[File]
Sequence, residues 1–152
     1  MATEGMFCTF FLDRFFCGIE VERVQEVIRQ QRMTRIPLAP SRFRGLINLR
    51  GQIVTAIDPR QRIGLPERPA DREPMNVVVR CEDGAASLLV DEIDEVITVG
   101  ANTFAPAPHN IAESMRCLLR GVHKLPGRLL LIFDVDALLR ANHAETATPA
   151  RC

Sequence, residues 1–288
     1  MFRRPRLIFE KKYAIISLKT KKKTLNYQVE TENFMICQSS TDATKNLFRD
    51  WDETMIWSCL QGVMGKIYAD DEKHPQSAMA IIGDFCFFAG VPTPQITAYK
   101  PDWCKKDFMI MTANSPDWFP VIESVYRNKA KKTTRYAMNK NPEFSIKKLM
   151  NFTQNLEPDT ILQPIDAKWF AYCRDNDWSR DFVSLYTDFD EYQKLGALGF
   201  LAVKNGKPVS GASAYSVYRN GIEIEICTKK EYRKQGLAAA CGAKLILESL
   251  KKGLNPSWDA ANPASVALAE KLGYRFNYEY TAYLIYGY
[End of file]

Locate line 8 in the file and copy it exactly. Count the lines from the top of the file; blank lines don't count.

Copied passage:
    51  WDETMIWSCL QGVMGKIYAD DEKHPQSAMA IIGDFCFFAG VPTPQITAYK